From my experience, go with your instincts and get palliative care or hospice for dad. Mom will resent you at first, but will thank you after a few days when she gets to be a loving wife in his last days vs caregiver.
I was care giver to Mom for 8 years after Dad died. Although I have two sisters and one even lived in the house with us, I handled everything alone, I had to, one sister worked long hours and lived a ways from us with two children and her husband had died....the other sister was just mad at me for being POA rather than her so my punishment was to give zero help.
In April I had a breakdown and the doctors told me that I could not continue or I would have a heart attack or stroke. So I moved out and left it all in sisters hands. A caregiver was hired for 8-12 hours a day, then sister said it was not enough, she could not handle Mom so she needed to go into a nursing home.
We finally found one and she was there for two weeks and had a mysterious fall that made two large bruises on her right forehead and back of head. They waited 16 hours before sending her to the hospital and by then it was too late, as she had 3 brain hemorrhages and she died several days later in hospice care.
I was glad I was on medication because I don't know how I would have dealt with this had I not. It is very difficult to live up to the wishes of someones Health Care Directive, BUT you must. It is WHAT THEY WANTED AND THEY CHOSE YOU BECAUSE THEY HAD FAITH THAT YOU WOULD CARRY OUT THEIR WISHES!
I said NO to everything, no feeding tube, breathing tube, No, No, No! My mother, just like your father, had no hope of recovering. She would have been a vegetable. Your mother wants to keep Dad alive at all cost because she does not want to lose him. YOUR FATHER WANTS TO BE LET GO OR HE WOULD HAVE NEVER WRITTEN UP THE ORDERS.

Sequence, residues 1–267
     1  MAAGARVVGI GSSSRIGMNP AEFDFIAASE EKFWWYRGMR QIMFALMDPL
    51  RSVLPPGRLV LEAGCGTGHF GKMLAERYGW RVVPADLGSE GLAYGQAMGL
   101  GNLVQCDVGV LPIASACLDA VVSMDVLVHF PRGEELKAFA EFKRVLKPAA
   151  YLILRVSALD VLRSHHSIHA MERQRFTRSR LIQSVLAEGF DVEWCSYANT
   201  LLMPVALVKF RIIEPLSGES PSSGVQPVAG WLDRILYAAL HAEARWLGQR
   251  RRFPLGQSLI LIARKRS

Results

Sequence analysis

Cooler heads must prevail and you need to speak to the doctors and ask them to please put Dads Directives into place and to remove the feeding tube, etc. You and your siblings need to have a sit down with Mom and tell her that the time has come to let Dad go. For too long he has been kept alive artificially and it is just not fair to him to continue like this and let Mom know you are taking over, you love her and you will be with her, but Dad is suffering and we need to let him go, so he can be a peace and rest. I hope she will not fight you on this!
Hospice is no cake walk either, it is very difficult to sit with them and watch them die. It is not easy, you can and should talk to them and tell them you love them and they can go whenever they wish, do not be afraid, we are here with you, etc. My sisters and I stayed with Mom continuously until she died. All medications other than those to keep her comfortable were stopped, no food, no water other than on a sponge to keep her mouth moist. Although I found it difficult the only way I could look at it was that I was carrying out her wishes and her family was waiting for her on the "other side." Whatever you do, do not leave your Mom alone there with you Dad, it could be too much for her.
One night my older sister was having a panic attack and left. She called us and asked us to come down stairs and go have dinner to get out of the hospital a bit. We left and told Mom we would be back soon. When we all returned we were talking to her and rubbing her head and I had forgot to put gloves on so I washed my hands 3 different times and was then standing next to Mom putting my gloves on and talking to her and I saw her breathe and then no breath came, I put my finger on her neck and could feel a very faint beat, I said to my sisters, "You guys, Mom is gone, she has quit breathing." She was gone, but she waited until we came back from dinner together....about 5 minutes.
Even though hospice is rough to watch, I hope when I die if I have to go slowly then I hope my daughter puts me in hospice so I am kept comfortable at least.
God Bless you all!